So, there once was a boy I loved. He became an FBI agent. He broke my heart, but saved my life. It was 18 months, almost to the day, after he left me that he died in hospice care in Indiana.

I often wonder what would have happened if he told me the truth about his illness, but I stop myself and embrace the unconditional gift he gave me. My head says, “I could have done this, or I could have been by his side.” But my heart, well, I’m not so sure I would have recovered from such a great loss at such a young age. It happened exactly how it was supposed to happen. It happened how he wanted it to happen.

Some might romanticize this story, but I assure you reality doesn’t need anything but the truth. Apple and I shared a deep connection. It was magical how everything conspired to come together to reveal the truth to me on that fateful day in April.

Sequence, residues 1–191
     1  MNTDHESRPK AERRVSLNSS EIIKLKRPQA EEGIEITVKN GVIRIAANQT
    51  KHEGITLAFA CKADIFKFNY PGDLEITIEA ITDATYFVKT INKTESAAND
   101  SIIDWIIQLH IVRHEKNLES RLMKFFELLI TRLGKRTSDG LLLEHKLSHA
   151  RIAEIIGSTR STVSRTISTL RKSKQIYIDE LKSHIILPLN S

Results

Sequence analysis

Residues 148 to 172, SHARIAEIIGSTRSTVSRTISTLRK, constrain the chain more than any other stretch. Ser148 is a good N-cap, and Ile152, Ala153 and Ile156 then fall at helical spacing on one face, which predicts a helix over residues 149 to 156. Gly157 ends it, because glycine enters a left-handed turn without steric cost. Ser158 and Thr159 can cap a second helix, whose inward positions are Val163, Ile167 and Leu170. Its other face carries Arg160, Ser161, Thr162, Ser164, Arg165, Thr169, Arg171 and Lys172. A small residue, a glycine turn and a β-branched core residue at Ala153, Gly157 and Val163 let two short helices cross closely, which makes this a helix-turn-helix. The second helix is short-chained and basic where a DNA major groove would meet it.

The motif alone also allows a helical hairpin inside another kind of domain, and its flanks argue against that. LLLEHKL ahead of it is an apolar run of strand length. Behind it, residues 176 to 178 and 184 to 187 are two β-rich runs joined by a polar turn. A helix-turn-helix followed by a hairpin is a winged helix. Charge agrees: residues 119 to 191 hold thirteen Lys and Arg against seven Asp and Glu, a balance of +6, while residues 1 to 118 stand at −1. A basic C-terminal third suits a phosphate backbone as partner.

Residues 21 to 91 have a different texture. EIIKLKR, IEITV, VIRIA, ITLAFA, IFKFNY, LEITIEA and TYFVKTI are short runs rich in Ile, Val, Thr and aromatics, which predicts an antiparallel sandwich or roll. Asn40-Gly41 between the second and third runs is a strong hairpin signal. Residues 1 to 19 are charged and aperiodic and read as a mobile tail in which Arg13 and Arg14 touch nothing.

I’m grateful I knew Apple. I’m grateful that I loved Apple. He changed me in ways I could have never imagined. I’m grateful I now know the truth.

My leg now adorns an apple that resembles a heart on my left inside ankle. It is shielded from the outside world, but a permanent reminder of and tribute to the connection I shared with a guy I called, “Apple.”

So, the Apple Effect is when you love someone enough to let them go; you prefer to break their heart to save them from unbearable suffering. In essence, you save their life. And that is exactly what Apple did for me. He saved me in every way a human being could save another. For that, I will be forever grateful.

I feel Apple next to me every day. Walking with me, teaching me to live boldly and fully and how to embrace death on our own terms.

  Apple would have turned 48 years old today.